In a little under two weeks, I'll be starting a new position as an Instructional Designer for an up and coming local company. It's a move into a position that will do more than provide the basic necessities of life. Hopefully, it'll help me thrive professionally, financially, and creatively. All of my work experience has led me to this point...where I'll end up from here is anybody's guess. But, it feels good that as I near 30, I've finally made something of myself...or made myself proud, I guess I should say.

However, is it possible to have good self-confidence and still be insecure? That's how I'm feeling right now. Just a little bit intimidated. That's unusual for me. I like to be the one doing the intimidating. I usually feel as professional and corporate as anyone walking around Westport. Then, yesterday, I went to pick up my new-hire packet at my new place of business. Wow! It makes my current office building look like a pile of bricks. The people I saw walking around were far more dressed up than I get for work now. The first thing I thought was, oh my god, I've got to go shopping (a prospect, I'll admit, that doesn't sound half bad). It's like the first day at a new school, and I just hope I fit in, that I'm carrying the right briefcase, that someone will eat lunch with me.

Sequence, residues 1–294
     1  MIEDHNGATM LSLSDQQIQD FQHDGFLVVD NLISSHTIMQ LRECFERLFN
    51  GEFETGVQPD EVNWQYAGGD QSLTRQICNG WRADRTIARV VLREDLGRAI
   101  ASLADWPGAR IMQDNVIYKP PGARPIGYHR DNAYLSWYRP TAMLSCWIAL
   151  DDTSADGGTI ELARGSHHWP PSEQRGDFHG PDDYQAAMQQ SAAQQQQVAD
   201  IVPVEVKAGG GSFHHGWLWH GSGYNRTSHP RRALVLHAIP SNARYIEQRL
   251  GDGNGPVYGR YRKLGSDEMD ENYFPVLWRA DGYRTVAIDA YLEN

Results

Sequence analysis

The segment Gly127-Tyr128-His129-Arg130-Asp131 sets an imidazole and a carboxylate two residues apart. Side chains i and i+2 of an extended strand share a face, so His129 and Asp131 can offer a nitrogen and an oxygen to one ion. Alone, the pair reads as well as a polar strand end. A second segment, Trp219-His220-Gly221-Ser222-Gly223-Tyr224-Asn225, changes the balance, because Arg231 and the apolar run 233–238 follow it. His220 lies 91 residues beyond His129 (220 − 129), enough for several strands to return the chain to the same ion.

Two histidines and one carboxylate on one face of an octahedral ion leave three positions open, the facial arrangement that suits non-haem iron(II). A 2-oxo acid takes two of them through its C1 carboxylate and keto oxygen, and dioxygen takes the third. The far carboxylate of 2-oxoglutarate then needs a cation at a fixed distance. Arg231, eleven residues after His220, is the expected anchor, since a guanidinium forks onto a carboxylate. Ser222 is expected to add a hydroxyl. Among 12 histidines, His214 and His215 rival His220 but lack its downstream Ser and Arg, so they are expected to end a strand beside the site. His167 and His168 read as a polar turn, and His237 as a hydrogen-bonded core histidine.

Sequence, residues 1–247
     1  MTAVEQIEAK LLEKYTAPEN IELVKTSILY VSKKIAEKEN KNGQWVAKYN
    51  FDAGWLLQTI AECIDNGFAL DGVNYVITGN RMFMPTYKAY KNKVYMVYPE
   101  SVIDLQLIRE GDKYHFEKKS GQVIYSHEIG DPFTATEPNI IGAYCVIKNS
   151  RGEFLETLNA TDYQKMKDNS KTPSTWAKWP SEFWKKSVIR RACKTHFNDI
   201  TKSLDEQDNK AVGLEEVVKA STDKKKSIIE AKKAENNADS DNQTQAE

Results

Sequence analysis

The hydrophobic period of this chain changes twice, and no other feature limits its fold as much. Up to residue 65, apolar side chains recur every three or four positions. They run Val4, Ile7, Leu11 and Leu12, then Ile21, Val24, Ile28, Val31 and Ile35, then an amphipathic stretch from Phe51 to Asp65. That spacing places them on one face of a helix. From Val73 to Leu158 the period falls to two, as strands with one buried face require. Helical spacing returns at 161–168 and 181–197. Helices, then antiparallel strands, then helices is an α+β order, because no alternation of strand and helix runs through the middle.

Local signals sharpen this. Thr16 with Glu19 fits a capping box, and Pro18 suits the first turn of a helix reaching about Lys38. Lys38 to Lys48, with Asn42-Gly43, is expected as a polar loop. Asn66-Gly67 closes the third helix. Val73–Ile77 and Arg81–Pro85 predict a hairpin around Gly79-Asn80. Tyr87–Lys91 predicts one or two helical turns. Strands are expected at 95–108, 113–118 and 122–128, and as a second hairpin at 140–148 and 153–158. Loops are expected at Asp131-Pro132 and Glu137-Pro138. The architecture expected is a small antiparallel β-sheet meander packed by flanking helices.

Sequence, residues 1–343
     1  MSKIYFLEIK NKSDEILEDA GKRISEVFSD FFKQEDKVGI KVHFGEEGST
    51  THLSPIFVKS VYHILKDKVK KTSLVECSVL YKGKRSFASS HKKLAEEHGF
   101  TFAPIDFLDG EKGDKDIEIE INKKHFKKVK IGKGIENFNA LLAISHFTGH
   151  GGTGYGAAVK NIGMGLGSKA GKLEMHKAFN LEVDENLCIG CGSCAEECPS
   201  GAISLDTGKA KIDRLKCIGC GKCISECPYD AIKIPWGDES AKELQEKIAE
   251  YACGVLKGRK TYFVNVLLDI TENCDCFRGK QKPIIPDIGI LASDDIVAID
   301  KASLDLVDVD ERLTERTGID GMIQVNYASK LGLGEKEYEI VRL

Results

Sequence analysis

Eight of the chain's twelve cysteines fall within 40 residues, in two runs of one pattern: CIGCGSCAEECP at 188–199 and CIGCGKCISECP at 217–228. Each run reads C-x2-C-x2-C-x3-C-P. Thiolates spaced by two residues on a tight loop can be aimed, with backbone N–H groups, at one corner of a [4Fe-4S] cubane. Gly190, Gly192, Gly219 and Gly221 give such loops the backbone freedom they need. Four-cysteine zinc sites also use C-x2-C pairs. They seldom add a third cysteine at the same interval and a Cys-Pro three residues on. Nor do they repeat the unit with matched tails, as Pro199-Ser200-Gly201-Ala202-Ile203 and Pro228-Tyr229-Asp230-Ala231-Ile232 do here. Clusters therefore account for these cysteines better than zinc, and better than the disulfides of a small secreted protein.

I'm also generally pretty secure in my abilities (Let's be honest, what English major do you know that doesn't secretly think he/she is god's gift to the written word??). I put a ton of work into the writing test project and writing samples I had to provide for this position. I felt like they were top-notch, and apparently the managers hiring thought so too. But, there's so much of the position that's going to be a stretch for my talents. Which is what I wanted. Challenge was what was missing at my current job. However, I found myself lying awake last night wondering if I'll be able to cut it. This isn't the kind of place where they will tolerate less than outstanding results. That's what they are paying me for. It's been a long time since I've felt any sort of real pressure to succeed. I want this job to be everything I hope it will be. I want to love this job in a way I've never loved any other. I know that in reality, there will be amazing things about the job and things I hate, people I enjoy working with and those I hate, pluses, minuses.